Nathan Campbells 3 steps to drawing like a pro, 1. Sketch 2. shade. 3. highlights and ur done

  4. #3
    Join Date
    Jun 2004
    Chicago, IL
    Thanked 19 Times in 11 Posts
    Yo Jet'!

    You should take it a step and a time!

    First, you should work on the proportions and getting the features down. Just lines here, worry about shading later

    If you're feeling pretty good at that, then learn a lot about the form of the head and its masses. Bridgman has a great book on that! This is when your bring in the shading!

    After you learned all that, fine tune it! Like, 1) more contrast 2) cleaner, more confident shading 3) bring in your own penciling style!!

  5. #4
    Join Date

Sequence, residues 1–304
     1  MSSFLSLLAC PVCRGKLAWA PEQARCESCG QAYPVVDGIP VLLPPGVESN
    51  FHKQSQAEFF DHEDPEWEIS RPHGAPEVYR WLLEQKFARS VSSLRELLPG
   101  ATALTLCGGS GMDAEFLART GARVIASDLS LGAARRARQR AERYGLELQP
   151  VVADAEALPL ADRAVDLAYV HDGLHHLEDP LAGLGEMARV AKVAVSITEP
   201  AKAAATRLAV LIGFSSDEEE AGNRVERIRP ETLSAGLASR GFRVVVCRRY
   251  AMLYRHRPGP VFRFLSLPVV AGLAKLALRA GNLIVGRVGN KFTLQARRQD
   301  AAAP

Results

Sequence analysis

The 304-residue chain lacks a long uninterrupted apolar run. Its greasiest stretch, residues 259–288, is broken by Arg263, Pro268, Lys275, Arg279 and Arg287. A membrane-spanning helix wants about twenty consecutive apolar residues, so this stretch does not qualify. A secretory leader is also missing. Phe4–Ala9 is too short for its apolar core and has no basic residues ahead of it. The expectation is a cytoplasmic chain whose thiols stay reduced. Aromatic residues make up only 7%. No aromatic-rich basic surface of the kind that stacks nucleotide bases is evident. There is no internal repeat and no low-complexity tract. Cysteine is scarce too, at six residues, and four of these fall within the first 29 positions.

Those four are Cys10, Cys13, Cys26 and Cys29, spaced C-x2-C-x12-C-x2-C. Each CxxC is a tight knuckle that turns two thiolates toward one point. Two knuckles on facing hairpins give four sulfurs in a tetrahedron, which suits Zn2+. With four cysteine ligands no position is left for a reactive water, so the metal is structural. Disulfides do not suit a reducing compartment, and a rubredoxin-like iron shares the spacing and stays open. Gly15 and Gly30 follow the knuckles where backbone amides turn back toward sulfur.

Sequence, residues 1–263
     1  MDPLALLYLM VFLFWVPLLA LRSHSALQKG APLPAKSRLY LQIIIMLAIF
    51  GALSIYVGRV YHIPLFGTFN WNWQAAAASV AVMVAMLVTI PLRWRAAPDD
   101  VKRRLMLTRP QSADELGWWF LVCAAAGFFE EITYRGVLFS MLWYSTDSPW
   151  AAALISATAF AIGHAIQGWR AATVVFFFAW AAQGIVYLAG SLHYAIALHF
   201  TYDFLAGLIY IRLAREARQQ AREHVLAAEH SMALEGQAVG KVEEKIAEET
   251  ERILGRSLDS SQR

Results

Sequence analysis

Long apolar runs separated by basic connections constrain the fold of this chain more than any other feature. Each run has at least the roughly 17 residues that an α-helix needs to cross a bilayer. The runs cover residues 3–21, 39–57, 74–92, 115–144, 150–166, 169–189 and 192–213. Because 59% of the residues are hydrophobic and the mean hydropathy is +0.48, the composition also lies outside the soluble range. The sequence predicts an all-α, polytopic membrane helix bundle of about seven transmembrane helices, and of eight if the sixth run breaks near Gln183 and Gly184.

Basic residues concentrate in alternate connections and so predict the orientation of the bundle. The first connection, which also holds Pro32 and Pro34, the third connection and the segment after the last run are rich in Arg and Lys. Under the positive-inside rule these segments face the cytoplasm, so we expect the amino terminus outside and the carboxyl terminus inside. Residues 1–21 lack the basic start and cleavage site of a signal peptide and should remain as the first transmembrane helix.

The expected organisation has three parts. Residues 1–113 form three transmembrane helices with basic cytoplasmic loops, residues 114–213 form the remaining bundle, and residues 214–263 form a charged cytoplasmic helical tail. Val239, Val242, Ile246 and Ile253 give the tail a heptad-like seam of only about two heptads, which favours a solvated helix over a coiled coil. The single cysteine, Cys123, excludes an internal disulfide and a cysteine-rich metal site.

Aug 2002
    coro's basement, San Francisco, CA
    Thanked 8 Times in 6 Posts
    yeah, pretty much what gasmask said.

    push the value/tonal range a bit more..

    sometimes its good to let shapes get lost in shadow...

    im assuming that this is done from life.. if so keep doing them, try doing some with more dramatic lighting so that you can really see the definition of forms. after doing some of those, go back to doing some in more subdued light and see how you view the forms of you face then.

    also really focus on getting the proportions and shapes drawn correctly early on so you dont have to go back and mess around redrawing. block in the whole head loosely at first to make sure all the shapes and forms are proportionally correct. then refine.

    hope that helps

  6. #5
    Join Date
    Oct 2003
    Kansas City, MO
    Thanked 14 Times in 7 Posts